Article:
Here is my year, presented in word cloud format from my three feeds.
There’s a lot of overlap, as you’d expect, but each platform presents its own slice of my life.
Master Data Management (MDM) is a way of keeping your data accurate.
I’ve spoken about MDM at companies, technology groups, business groups, database groups, conferences, college classes, and more.
Here’s the general overview that I typically give (download the PowerPoint file).
“Too much information is driving me insane.” (Too Much Information, The Police, 1981)
“Two men say they’re Jesus. One of them must be wrong.” (Industrial Disease, Dire Straits, 1982)
“A man with one watch always knows what time it is. A man with two watches is never sure.” (San Diego Union, Lee Segall, 9/30/1930)
To master your data, take these steps:
When this is done, it opens up many possibilities for improvement.
When you know that your data is correct, you can:
Once it’s all running smoothly, you could also:
Many organizations have get-togethers in December. It’s a good chance to catch up with friends and colleagues, and find new connections.
If you’re in the Louisville area, here are some of the social gatherings that I’m quite likely to attend.
And here are some more focused events.
And shopping/entertainment opportunities.
You can keep up with all the events I’m part of or interested in on my calendar.
Thursday was the annual XlterateHealth’s Demo Day. The healthcare startups involved all showed off their latest and greatest ideas and achievements. I love checking out the new ideas that inventors and creators come up with.
Here are the companies that were there showing their wares:
This year, the event was held at the Play Dance Bar, which I hadn’t been to yet. (Me not frequenting dance clubs; go figure.) The place was decorated for Halloween. Very nicely done, too.
Here’s the Business First article about the event.
Thursday was also the “Data! Fostering Health Innovation in Kentucky and Ohio 2015” event, that I didn’t hear about early enough to get involved with. But a friend who went told me that even thought “data” was the first word in the event, it was mostly Department of Health officials talking about policy. Bullet dodged.
The REC Foundation (Robotics Education and Competition Foundation) hosts the VEX Robotics Competition each year. This is a competition for middle schoolers, high schoolers, and collegians. The worldwide championship came to Louisville in 2015, and will stay here for at least four more years. That’s a whole lotta flights, hotels, restaurants, and shuttling — about $5 Million worth.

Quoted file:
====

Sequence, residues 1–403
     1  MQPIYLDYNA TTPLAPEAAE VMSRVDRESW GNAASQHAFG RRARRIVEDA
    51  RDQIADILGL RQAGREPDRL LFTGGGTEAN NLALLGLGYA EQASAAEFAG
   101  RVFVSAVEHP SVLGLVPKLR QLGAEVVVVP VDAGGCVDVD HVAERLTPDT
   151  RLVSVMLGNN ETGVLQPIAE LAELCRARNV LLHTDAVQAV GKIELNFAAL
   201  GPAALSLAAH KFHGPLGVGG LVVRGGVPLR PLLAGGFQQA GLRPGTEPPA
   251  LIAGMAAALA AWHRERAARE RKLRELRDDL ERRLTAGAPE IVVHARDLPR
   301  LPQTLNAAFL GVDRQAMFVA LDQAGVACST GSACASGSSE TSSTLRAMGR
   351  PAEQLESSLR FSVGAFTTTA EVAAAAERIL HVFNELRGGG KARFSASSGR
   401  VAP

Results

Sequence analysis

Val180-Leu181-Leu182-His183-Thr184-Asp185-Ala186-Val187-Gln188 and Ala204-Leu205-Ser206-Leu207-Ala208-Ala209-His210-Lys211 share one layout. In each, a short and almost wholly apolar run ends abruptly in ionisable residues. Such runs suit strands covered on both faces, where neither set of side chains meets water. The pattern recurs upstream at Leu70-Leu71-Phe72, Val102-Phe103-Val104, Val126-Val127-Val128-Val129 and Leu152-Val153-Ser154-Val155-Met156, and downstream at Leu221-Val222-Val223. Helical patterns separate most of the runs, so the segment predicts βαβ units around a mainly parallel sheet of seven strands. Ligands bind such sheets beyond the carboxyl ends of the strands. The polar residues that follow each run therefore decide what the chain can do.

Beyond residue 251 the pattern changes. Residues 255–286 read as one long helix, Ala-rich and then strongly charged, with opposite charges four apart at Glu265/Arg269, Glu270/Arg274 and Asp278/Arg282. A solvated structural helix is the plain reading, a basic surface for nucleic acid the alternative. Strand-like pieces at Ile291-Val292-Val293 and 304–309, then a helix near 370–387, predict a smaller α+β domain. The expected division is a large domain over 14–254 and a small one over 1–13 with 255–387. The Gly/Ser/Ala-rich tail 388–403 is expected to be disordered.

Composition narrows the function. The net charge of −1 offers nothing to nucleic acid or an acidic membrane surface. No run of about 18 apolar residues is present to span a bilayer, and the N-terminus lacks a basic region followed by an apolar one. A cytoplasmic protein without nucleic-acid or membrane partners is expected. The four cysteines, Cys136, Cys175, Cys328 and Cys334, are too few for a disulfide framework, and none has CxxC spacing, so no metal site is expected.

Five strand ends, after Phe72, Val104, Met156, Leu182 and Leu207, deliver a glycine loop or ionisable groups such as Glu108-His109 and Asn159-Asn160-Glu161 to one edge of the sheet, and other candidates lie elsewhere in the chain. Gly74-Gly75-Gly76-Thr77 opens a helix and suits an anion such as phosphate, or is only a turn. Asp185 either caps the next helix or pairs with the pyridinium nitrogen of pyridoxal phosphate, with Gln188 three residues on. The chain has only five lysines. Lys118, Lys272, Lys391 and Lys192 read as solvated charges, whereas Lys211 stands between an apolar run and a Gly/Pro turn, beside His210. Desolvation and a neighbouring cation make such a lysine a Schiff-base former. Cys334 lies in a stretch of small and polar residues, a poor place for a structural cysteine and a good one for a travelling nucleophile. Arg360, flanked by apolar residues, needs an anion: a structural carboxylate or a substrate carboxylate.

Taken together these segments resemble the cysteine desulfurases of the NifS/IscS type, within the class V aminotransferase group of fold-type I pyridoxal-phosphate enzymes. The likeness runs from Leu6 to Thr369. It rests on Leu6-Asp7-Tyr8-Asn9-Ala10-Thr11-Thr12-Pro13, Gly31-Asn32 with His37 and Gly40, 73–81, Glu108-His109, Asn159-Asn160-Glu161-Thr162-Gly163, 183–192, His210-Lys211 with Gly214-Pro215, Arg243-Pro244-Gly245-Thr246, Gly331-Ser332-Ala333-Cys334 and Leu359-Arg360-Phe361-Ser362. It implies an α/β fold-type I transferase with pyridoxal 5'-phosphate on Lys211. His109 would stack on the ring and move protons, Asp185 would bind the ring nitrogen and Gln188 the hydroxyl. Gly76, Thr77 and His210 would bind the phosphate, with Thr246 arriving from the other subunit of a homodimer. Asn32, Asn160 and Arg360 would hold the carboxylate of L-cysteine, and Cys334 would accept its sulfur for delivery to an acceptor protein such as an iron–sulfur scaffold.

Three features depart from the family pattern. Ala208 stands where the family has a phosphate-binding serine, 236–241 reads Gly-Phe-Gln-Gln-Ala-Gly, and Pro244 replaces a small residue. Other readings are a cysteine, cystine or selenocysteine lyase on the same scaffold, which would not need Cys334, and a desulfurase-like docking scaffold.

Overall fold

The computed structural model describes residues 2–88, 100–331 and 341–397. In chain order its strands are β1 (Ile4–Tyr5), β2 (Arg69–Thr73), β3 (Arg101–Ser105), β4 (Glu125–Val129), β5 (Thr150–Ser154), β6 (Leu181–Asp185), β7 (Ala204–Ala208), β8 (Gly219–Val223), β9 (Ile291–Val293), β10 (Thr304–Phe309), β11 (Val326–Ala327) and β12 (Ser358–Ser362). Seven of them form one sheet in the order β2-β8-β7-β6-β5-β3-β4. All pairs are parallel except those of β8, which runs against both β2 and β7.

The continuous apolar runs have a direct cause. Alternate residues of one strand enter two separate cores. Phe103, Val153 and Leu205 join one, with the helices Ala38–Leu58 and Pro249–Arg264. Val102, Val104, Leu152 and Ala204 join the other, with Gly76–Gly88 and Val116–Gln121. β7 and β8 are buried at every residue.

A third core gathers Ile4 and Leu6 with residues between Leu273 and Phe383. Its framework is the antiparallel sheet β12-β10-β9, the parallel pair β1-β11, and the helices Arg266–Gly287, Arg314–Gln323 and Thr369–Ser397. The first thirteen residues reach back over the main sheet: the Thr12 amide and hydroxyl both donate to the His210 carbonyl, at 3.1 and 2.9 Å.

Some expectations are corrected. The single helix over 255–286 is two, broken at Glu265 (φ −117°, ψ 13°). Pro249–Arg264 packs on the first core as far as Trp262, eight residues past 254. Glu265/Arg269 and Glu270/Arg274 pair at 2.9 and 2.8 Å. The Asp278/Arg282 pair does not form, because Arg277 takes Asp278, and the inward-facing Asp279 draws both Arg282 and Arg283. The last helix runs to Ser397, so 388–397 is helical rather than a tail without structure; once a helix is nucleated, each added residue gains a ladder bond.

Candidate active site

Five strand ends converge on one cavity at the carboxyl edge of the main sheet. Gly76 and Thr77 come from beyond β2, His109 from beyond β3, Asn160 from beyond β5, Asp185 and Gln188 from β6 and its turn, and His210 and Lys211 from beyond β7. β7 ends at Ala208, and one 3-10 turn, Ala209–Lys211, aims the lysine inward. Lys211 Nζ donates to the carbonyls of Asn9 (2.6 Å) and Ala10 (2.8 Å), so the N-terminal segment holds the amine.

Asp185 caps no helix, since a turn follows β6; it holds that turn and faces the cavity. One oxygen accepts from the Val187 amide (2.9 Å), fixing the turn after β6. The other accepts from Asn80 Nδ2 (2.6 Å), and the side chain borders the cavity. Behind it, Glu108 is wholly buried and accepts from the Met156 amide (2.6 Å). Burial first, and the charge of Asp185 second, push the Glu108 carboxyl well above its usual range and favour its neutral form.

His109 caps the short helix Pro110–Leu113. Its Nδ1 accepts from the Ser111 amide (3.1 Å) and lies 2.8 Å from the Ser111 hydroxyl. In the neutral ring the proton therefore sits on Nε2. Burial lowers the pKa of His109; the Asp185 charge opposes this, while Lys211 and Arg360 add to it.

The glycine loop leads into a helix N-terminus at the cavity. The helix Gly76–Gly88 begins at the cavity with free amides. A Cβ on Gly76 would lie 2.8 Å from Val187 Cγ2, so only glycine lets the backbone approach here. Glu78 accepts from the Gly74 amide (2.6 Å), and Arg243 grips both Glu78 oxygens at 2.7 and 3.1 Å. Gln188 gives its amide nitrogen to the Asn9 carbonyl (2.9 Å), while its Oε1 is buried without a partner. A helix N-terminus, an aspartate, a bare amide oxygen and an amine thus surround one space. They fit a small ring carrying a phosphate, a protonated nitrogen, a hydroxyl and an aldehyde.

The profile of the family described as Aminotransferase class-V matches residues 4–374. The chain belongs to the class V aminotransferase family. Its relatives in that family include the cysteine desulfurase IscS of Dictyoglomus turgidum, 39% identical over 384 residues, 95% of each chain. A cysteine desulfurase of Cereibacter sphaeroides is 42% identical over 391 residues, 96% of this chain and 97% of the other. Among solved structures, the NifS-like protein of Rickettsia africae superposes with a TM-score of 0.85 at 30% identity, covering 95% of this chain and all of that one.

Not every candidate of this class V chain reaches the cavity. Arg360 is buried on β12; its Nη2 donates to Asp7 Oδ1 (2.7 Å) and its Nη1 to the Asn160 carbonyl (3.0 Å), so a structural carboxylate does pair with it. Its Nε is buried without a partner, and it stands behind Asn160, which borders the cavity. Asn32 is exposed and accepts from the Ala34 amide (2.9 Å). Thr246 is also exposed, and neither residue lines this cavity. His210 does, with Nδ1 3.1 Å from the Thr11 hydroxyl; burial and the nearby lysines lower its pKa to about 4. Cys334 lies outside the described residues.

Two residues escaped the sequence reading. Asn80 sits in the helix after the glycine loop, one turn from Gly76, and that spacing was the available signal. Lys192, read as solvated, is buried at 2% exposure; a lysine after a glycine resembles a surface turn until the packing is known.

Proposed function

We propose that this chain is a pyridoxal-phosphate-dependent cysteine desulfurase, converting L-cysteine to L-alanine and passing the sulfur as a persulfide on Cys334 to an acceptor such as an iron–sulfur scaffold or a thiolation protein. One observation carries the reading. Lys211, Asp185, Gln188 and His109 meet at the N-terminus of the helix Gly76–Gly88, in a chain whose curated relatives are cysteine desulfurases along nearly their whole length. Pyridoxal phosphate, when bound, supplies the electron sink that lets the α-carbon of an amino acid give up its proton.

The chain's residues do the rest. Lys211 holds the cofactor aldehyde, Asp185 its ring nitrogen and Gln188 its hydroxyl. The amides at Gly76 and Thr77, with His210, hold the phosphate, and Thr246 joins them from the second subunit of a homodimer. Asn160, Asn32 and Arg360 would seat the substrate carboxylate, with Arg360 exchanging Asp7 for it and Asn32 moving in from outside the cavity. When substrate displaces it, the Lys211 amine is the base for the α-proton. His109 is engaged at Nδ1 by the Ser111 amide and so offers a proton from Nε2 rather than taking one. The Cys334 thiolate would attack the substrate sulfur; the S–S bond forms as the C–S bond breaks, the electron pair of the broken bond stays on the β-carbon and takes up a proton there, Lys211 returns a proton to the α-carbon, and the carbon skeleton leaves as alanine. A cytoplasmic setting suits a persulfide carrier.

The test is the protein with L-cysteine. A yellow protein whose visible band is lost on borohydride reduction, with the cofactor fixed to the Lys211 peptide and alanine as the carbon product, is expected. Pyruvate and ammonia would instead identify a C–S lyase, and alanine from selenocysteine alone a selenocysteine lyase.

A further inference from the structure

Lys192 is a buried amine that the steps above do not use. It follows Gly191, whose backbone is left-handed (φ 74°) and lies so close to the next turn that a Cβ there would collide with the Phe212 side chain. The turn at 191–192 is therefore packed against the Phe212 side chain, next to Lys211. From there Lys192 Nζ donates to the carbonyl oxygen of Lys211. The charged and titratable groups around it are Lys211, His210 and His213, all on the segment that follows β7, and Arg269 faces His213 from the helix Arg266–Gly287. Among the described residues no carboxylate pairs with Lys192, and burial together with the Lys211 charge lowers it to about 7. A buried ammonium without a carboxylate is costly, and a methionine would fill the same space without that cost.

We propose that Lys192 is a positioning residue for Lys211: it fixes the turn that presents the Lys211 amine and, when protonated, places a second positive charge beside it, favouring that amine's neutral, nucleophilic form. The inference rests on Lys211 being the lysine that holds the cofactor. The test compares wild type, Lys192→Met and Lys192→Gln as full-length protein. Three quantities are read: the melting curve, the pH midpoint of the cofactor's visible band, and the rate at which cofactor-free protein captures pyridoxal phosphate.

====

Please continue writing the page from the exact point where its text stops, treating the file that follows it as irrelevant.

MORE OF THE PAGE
At this year’s event, I volunteered for all four days of the event (Wednesday through Saturday). I was at the registration table for the first two days, which was an amazing experience. With over 800 teams from around the world, there were volunteers at the desk who could speak Portuguese, Mandarin, and a host of other languages. Each team had several students, plus their coaches, meaning that there were roughly 10,000 participants all told. For the next two days, I manned (i.e. “commandeered”) the booth for FirstBuild. They were one of the event sponsors, but didn’t realize that they’d also be getting a booth out of the deal. Since the booth would have been empty otherwise (which would disappoint me), and since I had a FirstBuild t-shirt, I sat at the booth and told people what FirstBuild is, how it came to be, what they do, and how jealous they should be because they haven’t been there yet.
The event is huge. It takes over the entire Fairgrounds and Expo Center — all four wings, and both stadiums.
You can volunteer here. (You don’t have to commit for the entire event like I did.) You don’t need to know anything about robots — they need all sorts of volunteers: registration, coordination, setup, scoring, etc. Kids can also help out, so this is a great family activity.
This week, the REC met with the Convention and Visitors Bureau, and dozens of leaders from business, technology, government, and education. (And somehow, also me.) They let us know some pretty cool things:
• the State Championship might be happening at U of L
• NASA has given them a grant to get at least one robot into every school in the county
• they’ll be offering “combo” exhibitor space in a Louisville Showcase for local business and tech, to make the sponsorship rates more affordable
• the event will once again coincide with the Thunder Over Louisville celebration
• they’ll once again rent out the entire Kentucky Kingdom amusement park for the kids Saturday night
• there are many scholarships for entry, including one from U of L